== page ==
Norfolk, Suffolk, Surrey and the Lord Chamberlain are discussing the problem of Wolsey. Norfolk believes that if they all unite against Wolsey, he cannot survive. The alternative, he says, is more disgrace. The Lord Chamberlain says that they must bar Wolsey's access to the king if they want to make any sort of attack on him, since he has the king as if under his spell. Norfolk says that the king is already displeased with Wolsey, as he has evidence of his double-dealing in the divorce. Wolsey had written letters to the Pope asking him to delay his decision on the divorce until the king had got over his infatuation with Anne. Wolsey's letters were intercepted by the king.
The Lord Chamberlain reveals that the king has already married Anne. Suffolk confirms that her coronation as queen has been arranged. Suffolk praises Anne and says that he believes she will bring blessings to England. He adds that Campeius has displeased the king by leaving for Rome without the king's permission and without having assisted in the divorce. He says that Cranmer is about to return from his tour of the famous colleges, where he has been collecting churchmen's opinions on the divorce. These opinions have supported the king. Soon, news of the king's marriage to Anne will be published. Katherine will lose her title of queen and will be called the princess dowager, and Prince Arthur's widow. Norfolk praises Cranmer for having taken such pains with the king's business. Suffolk predicts that Cranmer will be promoted to Archbishop.
Wolsey enters with his servant, Cromwell. The Lords observe them, unseen by Wolsey. Wolsey asks Cromwell if his letters have been given to the king. Cromwell confirms that they have, and the king read them with a serious air. Cromwell leaves, and Wolsey muses that the king must marry the French king's sister, not Anne Bullen. Anne is a passionate Lutheran (and therefore a Protestant, as against Wolsey's Catholicism), and will obstruct Wolsey. Wolsey worries too about the growing influence of Cranmer, another Protestant, over the king.
The king and Lovell enter. The king is reading a document that reveals the enormous wealth that Wolsey has accumulated. The king asks the Lords whether they have seen Wolsey. They say that they have been observing him, and that he seems very agitated. The king says this may be because an inventory of Wolsey's possessions has, probably mistakenly, been included in some state papers he had sent to the king. The king is amazed that a subject could accumulate such wealth. He suspects that Wolsey right now is musing on worldly, rather than spiritual, matters.
Lovell summons Wolsey to the king. The king says to Wolsey that his mind must be so full of spiritual matters that he has no time to look after worldly responsibilities. Wolsey says that he allots some time to spiritual matters, some to affairs of state, and some to the demands of the body (sleep, eating, etc.). The king says that Wolsey speaks well. He goes on to say that his father, Henry VII, thought highly of Wolsey, and he himself has employed him as his closest aide. Wolsey, unnerved at where this conversation might be heading, points out that he has worked only for the good of the king and the state, and that the king's favor has been payment enough for his labors.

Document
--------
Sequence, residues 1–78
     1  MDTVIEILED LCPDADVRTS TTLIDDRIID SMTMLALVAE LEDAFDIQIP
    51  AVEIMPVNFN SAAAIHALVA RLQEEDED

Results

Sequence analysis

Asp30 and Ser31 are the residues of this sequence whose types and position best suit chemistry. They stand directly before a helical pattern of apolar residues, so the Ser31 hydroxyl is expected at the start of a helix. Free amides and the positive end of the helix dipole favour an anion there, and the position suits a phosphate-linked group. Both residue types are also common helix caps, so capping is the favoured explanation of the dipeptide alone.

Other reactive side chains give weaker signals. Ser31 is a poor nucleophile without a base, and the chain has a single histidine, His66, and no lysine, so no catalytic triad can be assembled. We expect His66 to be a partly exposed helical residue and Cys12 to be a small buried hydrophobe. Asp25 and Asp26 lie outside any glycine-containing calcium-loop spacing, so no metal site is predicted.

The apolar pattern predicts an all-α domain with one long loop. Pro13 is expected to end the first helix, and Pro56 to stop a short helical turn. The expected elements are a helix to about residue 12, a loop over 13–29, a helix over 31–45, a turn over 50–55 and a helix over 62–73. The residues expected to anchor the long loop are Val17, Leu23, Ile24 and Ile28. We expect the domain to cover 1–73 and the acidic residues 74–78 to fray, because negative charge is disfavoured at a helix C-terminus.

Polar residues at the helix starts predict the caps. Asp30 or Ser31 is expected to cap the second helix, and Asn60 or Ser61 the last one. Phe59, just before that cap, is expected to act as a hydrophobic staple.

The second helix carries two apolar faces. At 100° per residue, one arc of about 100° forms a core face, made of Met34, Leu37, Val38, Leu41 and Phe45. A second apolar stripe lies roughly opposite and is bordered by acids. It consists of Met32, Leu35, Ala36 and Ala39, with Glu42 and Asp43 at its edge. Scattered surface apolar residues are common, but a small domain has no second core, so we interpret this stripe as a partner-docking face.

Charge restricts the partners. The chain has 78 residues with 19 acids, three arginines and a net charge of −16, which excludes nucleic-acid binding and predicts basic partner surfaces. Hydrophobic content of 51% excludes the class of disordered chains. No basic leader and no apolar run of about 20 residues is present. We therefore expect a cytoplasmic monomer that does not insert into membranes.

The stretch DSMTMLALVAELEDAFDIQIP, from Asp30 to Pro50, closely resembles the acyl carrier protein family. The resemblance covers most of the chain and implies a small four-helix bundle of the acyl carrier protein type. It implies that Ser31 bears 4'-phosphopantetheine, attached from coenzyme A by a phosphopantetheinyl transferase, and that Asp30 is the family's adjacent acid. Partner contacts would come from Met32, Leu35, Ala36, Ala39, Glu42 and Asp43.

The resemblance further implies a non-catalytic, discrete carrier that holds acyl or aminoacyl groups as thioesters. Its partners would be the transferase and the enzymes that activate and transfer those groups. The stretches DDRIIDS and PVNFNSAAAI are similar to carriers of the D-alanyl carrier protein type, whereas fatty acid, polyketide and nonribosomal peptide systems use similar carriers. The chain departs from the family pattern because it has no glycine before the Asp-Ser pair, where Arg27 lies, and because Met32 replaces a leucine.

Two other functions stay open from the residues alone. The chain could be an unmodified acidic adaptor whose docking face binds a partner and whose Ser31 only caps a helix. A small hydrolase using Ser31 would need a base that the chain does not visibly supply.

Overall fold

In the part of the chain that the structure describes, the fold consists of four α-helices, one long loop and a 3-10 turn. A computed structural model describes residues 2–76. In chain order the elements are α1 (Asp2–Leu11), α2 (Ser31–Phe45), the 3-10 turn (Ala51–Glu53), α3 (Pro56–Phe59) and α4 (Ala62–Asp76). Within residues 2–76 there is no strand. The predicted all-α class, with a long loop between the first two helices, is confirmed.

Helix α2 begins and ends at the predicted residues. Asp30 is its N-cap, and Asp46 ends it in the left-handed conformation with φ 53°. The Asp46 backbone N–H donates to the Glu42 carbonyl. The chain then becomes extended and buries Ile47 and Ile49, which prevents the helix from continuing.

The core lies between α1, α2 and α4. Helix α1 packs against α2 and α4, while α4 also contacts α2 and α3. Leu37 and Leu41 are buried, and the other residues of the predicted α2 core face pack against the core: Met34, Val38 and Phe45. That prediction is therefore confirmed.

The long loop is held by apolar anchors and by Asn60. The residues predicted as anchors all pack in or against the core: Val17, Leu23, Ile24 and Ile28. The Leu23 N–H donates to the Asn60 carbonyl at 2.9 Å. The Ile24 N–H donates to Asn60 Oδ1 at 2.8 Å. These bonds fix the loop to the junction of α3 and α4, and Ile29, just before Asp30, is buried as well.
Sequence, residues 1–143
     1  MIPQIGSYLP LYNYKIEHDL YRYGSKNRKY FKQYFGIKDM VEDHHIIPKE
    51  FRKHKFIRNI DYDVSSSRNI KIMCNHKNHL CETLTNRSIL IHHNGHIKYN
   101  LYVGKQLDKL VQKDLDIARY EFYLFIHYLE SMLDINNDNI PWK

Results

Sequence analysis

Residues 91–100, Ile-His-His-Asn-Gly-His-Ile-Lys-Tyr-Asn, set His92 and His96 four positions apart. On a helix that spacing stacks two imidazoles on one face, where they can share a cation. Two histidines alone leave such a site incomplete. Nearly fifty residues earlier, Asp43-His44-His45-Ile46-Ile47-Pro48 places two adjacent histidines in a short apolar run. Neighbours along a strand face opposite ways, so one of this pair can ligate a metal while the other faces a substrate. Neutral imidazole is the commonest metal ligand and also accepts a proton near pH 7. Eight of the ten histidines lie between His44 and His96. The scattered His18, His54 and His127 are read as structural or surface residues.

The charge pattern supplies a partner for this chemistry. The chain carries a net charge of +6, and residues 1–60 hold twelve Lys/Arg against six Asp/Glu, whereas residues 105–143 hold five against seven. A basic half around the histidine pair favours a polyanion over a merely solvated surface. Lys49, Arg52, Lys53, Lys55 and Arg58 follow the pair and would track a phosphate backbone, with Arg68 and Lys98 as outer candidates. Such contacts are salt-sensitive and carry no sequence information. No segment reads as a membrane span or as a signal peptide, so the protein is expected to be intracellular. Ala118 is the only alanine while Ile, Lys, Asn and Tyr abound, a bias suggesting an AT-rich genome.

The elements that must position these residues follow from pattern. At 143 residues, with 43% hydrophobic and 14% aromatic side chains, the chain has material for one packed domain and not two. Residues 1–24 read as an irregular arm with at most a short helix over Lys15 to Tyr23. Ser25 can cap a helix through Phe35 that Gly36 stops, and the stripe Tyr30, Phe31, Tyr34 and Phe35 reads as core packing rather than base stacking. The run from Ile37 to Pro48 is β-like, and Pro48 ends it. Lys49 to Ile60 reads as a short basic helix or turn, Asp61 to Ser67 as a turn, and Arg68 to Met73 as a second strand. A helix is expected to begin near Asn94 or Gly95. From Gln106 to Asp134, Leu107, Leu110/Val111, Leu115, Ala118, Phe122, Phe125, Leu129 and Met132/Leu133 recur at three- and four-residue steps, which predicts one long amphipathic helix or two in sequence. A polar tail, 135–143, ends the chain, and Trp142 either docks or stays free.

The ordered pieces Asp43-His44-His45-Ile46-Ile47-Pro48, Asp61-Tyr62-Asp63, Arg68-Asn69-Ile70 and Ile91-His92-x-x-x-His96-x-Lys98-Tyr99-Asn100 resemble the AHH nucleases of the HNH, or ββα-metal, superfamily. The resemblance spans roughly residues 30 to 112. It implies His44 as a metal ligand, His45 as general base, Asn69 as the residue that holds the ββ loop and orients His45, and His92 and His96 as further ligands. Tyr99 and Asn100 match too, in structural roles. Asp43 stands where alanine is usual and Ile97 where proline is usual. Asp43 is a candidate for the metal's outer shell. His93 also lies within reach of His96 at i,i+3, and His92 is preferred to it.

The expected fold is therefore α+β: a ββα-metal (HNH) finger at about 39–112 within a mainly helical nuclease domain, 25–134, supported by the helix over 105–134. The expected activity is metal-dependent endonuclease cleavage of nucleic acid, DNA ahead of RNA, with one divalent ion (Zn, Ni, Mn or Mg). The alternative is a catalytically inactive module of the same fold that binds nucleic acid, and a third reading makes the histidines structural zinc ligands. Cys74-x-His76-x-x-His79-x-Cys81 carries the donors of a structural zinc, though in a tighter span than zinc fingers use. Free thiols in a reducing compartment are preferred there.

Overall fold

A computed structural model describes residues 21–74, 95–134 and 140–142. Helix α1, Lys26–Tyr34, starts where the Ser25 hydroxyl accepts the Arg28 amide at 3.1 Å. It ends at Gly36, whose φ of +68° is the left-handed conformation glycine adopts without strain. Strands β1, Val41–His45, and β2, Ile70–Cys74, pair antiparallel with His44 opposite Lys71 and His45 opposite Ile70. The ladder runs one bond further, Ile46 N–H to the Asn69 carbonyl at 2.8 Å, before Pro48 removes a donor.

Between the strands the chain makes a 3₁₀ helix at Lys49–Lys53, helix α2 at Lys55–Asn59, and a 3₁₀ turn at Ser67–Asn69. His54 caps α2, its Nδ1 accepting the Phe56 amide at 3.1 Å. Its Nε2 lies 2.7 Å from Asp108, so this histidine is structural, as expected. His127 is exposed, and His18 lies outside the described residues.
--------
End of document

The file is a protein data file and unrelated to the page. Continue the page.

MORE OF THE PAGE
The king says Wolsey has answered well, though it is clear that he doubts his integrity. The king says that a loyal subject is rewarded with honor, and a disloyal one with dishonor. Wolsey repeats that he has always worked for the king's good, not his own. Again, the king commends Wolsey's reply. He gives Wolsey the papers he has intercepted and leaves, followed by the Lords, who are smiling happily at these developments.
Left alone, Wolsey examines the papers. When he finds the inventory of his wealth, he realizes that this has caused the king's anger. He admits that he has built up wealth for his own ends, specifically, to bribe his friends in Rome to gain the position of Pope. Then he finds his letter to the Pope, asking him to delay his decision on the divorce. He knows that he is ruined.
Norfolk, Suffolk, Surrey and the Lord Chamberlain enter. Norfolk has been sent by the king to order Wolsey to hand back his seal of office and confine himself to his house. But Wolsey is unwilling to obey without a written warrant from the king. He accuses the Lords of envy and refuses to give up the seal except into the king's own hands. Surrey accuses Wolsey of having brought about the death of his father-in-law, Buckingham, and having sent him, Surrey, to Ireland, so that he could not seek justice. Wolsey protests that he is innocent of the death of Buckingham, who was convicted under the law by a jury. Surrey angrily replies that if Wolsey were not protected by his churchman's office, he would kill him. Surrey reminds Wolsey that he has gained wealth by extortion from the nobles, and dealt with the Pope against the king's interests. Norfolk tells Wolsey that he has a list of articles, written by the king, enumerating Wolsey's misdeeds. Wolsey insists that he will be able to prove his innocence to the king. Suffolk says he remembers some of the king's complaints against Wolsey, and Wolsey will not be able to save himself.